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‘Work from home’: Johnson starts shutting down Britain again as Covid-19 spreads

epa08688061 Britain's Prime Minister Boris Johnson departs Downing Street to make a statement in the House of Commons in London, Britain, 22 September 2020. Due to rising cases of coronavirus all pubs, bars, restaurants and other hospitality venues in England must have a 22:00 closing time from 24 September 2020. Further coronavirus restrictions and measures will be set out by the prime minister in the House of Commons on 22 September 2020. EPA-EFE/NEIL HALL
By Reuters
22 Sep 2020 2

LONDON, Sept 22 (Reuters) - British Prime Minister Boris Johnson told people on Tuesday to work from home where possible and ordered bars and restaurants to shut earlier in a bid to tackle a fast-spreading second wave of COVID-19.

After government scientists warned that the death rate would soar without urgent action, Johnson said the new restrictions in England could last for six months although he stopped short of imposing another full lockdown.

“I’m sorry to say that as in Spain and France and many other countries, we have reached a perilous turning point,” Johnson told parliament following emergency meetings with ministers and leaders of the United Kingdom’s devolved governments.

Just weeks after urging people to start returning to workplaces, Johnson advised office workers to stay at home if they could.

He ordered all pubs, bars, restaurants and other hospitality sites to close at 10 p.m. from Thursday with only table service allowed.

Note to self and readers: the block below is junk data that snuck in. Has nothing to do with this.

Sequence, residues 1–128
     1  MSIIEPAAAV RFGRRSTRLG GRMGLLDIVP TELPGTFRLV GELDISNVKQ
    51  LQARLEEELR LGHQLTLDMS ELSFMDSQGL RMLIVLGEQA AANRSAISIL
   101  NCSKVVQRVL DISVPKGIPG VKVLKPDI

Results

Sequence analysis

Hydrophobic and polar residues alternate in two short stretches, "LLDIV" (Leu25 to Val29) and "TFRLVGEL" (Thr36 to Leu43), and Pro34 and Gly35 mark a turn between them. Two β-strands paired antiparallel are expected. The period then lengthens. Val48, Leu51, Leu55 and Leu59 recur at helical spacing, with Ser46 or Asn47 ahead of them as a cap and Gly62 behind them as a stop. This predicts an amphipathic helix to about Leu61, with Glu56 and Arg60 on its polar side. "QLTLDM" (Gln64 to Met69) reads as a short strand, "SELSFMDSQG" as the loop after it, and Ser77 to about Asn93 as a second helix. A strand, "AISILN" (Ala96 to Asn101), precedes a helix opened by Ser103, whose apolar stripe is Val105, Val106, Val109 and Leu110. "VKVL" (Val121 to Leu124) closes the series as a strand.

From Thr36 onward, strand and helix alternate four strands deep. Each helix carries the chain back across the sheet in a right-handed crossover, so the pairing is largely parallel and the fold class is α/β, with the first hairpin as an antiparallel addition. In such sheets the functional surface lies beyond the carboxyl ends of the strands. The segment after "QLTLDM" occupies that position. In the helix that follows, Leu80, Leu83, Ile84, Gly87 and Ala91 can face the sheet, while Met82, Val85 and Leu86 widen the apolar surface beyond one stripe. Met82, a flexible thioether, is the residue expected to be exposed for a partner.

Face-masks will be required in more settings, businesses who break rules will be fined and there will be tougher enforcement against people who do not comply, he said.

However, schools and universities will stay open. He will give a televised address to the nation at 1900 GMT.

Government advisers have said the number of new cases could reach 50,000 per day by mid-October.

Johnson warned further restrictions could be brought in should the new measures not work.

“We will not listen to those who say let the virus rip, nor to those who urge a permanent lockdown,” he said. “We are taking decisive and appropriate steps to balance saving lives and protecting jobs and livelihoods.”

(Reporting by Guy Faulconbridge, Kate Holton, Elizabeth Piper, David Milliken, Andy Bruce, Estelle Shirbon, Sarah Young and Michael Holden; Editing by Clarence Fernandez, Andrew Cawthorne and Stephen Addison)

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  • What really confuses me is that this so called second wave in Europe is not accompanied by the same rate of deaths as the first wave and in fact the death rate is on par with seasonal norms so why all the media and political hysteria? I am a scientist who uses data to arrive at decisions and what’s going on now strikes me as being most peculiar. Are the governments and media being poorly advised? Is it lazy thinking? Are people not looking at the data? Is there another ‘control’ related agenda? Would be grateful for some insight on this.

    • In the first wave many more cases were not tested as the resources were not available, so it’s not a like for like comparison, the 10000 cases per day in March and April were those who had severe symptoms and met testing requirements, as the systems have been put in place, more people have the option of getting a test this time around and as such people with mild or no symptoms can now more easily get a test. There is also data showing that the age bracket of many of the current positive results is younger people, who have better outcomes.

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